Stepping onto the cold marble in the lobby, shopping bags occupying all the space in my hands and my head, I made my way in and walked towards the elevator waiting for it to tend to my needs. A few other people were present as well, for the same reason as I was. While we awaited its arrival, I let my gaze wander towards the notice board. Unable to resist the urge to read everything I could lay my eyes upon, I gave it a quick glance and I was about to look away when a certain notice caught my attention. It was headlined with a sad demise with the details clearly following below it. Upon reading the entire notice, I felt the daylights being knocked out of me just by the aid of mere words. I read it over- twice, thrice, trying to make sense of the words printed in black ink and hoping that my repetitive action would change what was written there. That I would somehow be able to undo the catastrophe that mercilessly struck me. I rushed myself into the elevator and raced myself to my house on the fifteenth floor; I handed the bags over to my mother and tried to vocalize my thoughts. I wished them to not be there.

I thought that if somehow I didn’t say it, it wouldn’t have happened. But if the universe worked on the basis of thoughts that are processed inside my head, I’d undo (do or re-do) a lot of things.

No sooner did the words escape my mouth, than the tears dribbled down my cheeks. My eyes were soon bloodshot with the amount of tears that they were losing. I couldn’t get myself to digest the fact that people live and people die. That they cease to exist. That was a fact incomprehensible- albeit, a fact of life. I broke down. It wasn’t something I was used to. Loss- it hit me in the face at the tender age of twelve. I let my head pound, I attempted happy thoughts and I also resorted to not believing in the calamity that struck me, but it was true. All of it was true. She was no more and I would just have to deal with it. I would learn to have to do without her because if I could before I met her, I could after I lost her. I could, right?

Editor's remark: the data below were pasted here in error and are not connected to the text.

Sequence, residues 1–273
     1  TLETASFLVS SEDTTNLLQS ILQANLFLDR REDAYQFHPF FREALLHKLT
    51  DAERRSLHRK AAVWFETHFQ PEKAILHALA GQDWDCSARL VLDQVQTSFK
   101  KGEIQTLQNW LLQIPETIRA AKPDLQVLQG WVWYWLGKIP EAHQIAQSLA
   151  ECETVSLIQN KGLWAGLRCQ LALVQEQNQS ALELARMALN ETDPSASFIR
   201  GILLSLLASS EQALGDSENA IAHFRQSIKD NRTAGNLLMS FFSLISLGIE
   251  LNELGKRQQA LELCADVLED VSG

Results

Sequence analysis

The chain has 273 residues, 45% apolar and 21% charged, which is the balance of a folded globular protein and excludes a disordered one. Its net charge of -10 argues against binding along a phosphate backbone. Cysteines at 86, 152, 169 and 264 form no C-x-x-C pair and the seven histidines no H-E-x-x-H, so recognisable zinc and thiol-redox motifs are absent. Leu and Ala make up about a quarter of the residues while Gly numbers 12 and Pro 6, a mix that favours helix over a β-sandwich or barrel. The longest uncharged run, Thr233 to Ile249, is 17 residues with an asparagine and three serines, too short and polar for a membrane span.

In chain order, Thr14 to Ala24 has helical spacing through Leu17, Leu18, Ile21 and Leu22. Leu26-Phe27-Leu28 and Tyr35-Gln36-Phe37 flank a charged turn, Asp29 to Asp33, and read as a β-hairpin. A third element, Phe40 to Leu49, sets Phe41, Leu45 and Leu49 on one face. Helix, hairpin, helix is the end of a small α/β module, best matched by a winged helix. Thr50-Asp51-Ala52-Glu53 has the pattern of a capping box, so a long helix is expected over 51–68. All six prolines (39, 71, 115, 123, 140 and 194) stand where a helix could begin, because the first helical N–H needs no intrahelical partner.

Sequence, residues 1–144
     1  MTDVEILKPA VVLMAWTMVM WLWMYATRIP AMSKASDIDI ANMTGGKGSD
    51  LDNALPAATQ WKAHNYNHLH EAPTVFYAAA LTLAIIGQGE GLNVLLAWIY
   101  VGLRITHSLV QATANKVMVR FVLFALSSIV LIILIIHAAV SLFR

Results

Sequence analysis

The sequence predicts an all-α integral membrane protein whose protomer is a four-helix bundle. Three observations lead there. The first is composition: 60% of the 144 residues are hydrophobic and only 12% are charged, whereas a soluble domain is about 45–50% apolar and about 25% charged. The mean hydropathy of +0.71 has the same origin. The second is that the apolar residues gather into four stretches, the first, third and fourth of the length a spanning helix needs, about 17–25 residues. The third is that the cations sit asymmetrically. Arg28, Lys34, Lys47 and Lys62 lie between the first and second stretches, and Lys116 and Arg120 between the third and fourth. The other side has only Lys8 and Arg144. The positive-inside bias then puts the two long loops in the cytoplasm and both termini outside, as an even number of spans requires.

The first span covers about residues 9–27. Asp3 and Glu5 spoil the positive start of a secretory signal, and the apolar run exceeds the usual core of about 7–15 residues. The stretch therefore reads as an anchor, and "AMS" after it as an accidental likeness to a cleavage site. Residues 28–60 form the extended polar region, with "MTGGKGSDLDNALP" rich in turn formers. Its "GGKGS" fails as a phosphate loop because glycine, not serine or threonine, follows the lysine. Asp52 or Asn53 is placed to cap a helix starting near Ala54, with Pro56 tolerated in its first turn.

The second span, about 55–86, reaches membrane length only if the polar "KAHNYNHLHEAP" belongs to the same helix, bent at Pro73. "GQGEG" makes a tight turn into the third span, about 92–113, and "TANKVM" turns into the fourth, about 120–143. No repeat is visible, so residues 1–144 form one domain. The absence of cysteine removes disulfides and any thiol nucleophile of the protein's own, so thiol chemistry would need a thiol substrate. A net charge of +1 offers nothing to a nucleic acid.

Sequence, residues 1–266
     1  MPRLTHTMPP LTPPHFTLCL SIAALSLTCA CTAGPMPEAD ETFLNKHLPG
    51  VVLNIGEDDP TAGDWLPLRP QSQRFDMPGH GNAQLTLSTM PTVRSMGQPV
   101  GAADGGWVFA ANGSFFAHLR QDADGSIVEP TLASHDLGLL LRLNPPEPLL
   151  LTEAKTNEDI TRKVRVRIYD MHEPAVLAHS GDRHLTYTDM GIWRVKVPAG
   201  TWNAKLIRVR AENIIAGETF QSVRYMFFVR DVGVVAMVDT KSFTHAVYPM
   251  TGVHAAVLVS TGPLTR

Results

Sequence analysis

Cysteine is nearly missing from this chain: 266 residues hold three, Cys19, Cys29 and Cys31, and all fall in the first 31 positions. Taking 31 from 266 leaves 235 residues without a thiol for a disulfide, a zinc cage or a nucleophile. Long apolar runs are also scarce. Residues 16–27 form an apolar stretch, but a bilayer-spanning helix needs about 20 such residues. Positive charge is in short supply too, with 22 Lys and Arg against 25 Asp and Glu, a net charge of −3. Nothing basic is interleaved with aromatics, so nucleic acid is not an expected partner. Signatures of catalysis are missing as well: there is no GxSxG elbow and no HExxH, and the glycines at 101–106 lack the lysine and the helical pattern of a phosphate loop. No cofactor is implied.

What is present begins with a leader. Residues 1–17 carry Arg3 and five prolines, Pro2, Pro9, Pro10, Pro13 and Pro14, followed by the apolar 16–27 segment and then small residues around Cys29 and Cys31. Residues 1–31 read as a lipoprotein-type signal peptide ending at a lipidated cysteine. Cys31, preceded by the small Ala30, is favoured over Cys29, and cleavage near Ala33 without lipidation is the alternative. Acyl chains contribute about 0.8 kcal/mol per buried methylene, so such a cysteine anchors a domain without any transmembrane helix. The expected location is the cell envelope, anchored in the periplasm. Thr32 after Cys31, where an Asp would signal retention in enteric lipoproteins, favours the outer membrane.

All of ninety-three years old, my beautiful lady, my belief that a grandparent figure existed in my life, my support system and the prettiest flower in my garden had wilted away, without a warning sign. She left and I was required to lead a life she would no longer be a part of. I don’t know what hurt me more at that time, that she was not around anymore or that I hadn’t spent enough time with her. I was not prepared to say goodbye. However, if we all braced ourselves for such a situation, with all honesty, we would never say goodbye. Either we wouldn’t find the appropriate thoughts or words to process or it becomes a fact unfathomable. Gool aunty was the closest thing I had to a grandparent.

I had never maintained close relations with my paternal or maternal grandparents, so I let her become the ideal one. It was good, while it lasted. Although the goodbyes were never said and the last hugs and kisses weren’t exchanged, I think she always knew of the love and respect I had for her. I solemnly pray that I made a difference in her life, because she certainly played an important role in twisting mine. She made me believe in beauty and innocence. Simplicity and love- it was as easy for her, as hard it was, for me. Foremost, she taught me how to let go of things. She made me believe that moments and people can be stolen in the blink of an eye, it was more about nabbing opportunities by the hand and making the most of the present rather than the time we’ve lost in hoping and relentlessly wishing for things that we couldn’t say or do.

Now, almost five years down the line since her untimely demise, I ask her daughter about her and Gool aunty’s life, how things were. She looks at me with such intensity, greatly resembling her mother that it’s hard for me to not break down again.

“Did I make a difference at all? I knew her for barely a year or two before she realized that she had had enough of me.”

Shireen aunty let a sorrowful smile spread across her face, crinkling the skin at the end of her eyes, she calmly takes notice and says, “I wish you could understand the smile she had on her face, Sahej, every time she met you. You made her happy. At such an old age, when she’s had a fair share of experiences and has seen the world, you never ceased to make her happy, darling.”

This was all I needed to hear before I broke down, at the thought of her, for the last time. Isn’t that what we all live for, to leave a mark on someone’s life? I might take time to let go of it, but death isn’t something we get used to. It’s just something we learn to live with.

comments powered by Disqus

Table of Contents